Thrifting for the Ocean
Want to help the ocean while shopping for a new wardrobe? Thrift shopping makes this possible by reusing clothing. When we buy new clothing, the manufacturing process behind it isn't beneficial for our carbon footprints. As we all become aware of our carbon footprints, thrifting is one way to lower them. When it's time to get rid of your own clothes, be sure to drop them off at the local thrift store so they can be reused.
Here at MSI, we focus on the ocean, and thrifting has an impact on that as well. The fibers used to make our clothing are typically non-biodegradable, which can result in ocean pollution. According to the Goodwill, the "volume of textile trash increased by 40% between 1999 and 2009," and has increased since. There is no easy solution to this problem since we cannot simply stop buying clothing. If we thrift some of our clothes we can reduce the trash pollution that goes into the ocean since less clothing will be created. Thrift store items usually last longer since they have tolerated the wear and tear of a previous owner. This means you won't have to buy new for a while.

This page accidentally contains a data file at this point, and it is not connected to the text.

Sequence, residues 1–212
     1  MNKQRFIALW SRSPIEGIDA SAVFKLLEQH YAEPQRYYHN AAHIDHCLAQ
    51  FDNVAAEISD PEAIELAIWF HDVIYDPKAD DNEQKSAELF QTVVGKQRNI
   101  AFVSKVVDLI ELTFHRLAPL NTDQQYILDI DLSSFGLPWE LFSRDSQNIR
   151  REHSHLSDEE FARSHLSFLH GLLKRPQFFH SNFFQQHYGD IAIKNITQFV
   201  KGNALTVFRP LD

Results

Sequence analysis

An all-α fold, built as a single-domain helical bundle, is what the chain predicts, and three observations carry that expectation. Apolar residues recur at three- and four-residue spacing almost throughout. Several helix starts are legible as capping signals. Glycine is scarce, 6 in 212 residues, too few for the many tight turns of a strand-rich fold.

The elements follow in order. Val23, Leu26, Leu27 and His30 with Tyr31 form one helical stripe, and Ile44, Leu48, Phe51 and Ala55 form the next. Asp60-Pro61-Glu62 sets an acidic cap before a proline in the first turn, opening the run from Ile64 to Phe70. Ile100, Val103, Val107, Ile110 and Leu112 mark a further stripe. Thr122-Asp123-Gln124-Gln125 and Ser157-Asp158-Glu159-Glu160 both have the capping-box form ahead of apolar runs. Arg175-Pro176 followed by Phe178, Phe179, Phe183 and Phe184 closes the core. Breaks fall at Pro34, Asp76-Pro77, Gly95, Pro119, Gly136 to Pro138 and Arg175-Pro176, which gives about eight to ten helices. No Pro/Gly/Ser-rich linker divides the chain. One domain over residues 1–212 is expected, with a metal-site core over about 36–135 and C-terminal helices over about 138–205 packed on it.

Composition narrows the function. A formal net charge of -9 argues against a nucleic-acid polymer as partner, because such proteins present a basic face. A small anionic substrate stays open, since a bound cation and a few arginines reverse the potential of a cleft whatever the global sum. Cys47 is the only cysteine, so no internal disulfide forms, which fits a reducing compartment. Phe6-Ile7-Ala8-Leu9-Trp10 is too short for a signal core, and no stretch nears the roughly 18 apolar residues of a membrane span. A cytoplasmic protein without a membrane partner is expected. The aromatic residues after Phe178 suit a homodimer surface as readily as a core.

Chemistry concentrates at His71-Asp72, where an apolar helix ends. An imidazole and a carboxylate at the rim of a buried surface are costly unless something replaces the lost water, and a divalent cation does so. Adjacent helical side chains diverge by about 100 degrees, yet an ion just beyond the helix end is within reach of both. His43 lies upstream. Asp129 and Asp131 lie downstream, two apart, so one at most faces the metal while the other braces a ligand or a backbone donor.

Thrifting is also a lot of fun! Going thrifting has become a popular way to shop, partially because of the unique clothing. Currently, it seems that everyone is wearing the same styles. Thrift shops have more variety as no piece is the same, it is unlikely you will see someone wearing the same thing as you.
Additionally, thrifting is inexpensive, and the thrill of finding deals keeps people coming back. Thrifting is the perfect way to experiment or take a fashion risk without having to fully commit to it financially. Finding a pair of jean shorts that fit just right for $3 will leave you wanting more. Some of the prices for quality brands are unreal. Yet you won't always be so lucky since, in reality, thrifting is a search for the hidden gems. There will be times where you find a hideously bedazzled sweater with a picture of a shark on the back. But those are the times where you just have to try it on for the laughs.
What's the funniest thing you've found thrifting?
“Thrifting: Helping Yourself to Help the Environment.” Goodwill of Southern New England, 12 June 2019, https://www.goodwillsne.org/thrifting-helping-yourself-to-help-the-environment/.
“Why Thrifting Is Good for the Planet, Not Just Your Wallet.” Student Environmental Resource Center, 18 Nov. 2013, https://serc.berkeley.edu/why-thrifting-is-good-for-the-planet-not-just-your-wallet/.
Resnick, Brian. “More than Ever, Our Clothes Are Made of Plastic. Just Washing Them Can Pollute the Oceans.” Vox, Vox, 11 Jan. 2019, https://www.vox.com/the-goods/2018/9/19/17800654/clothes-plastic-pollution-polyester-washing-machine.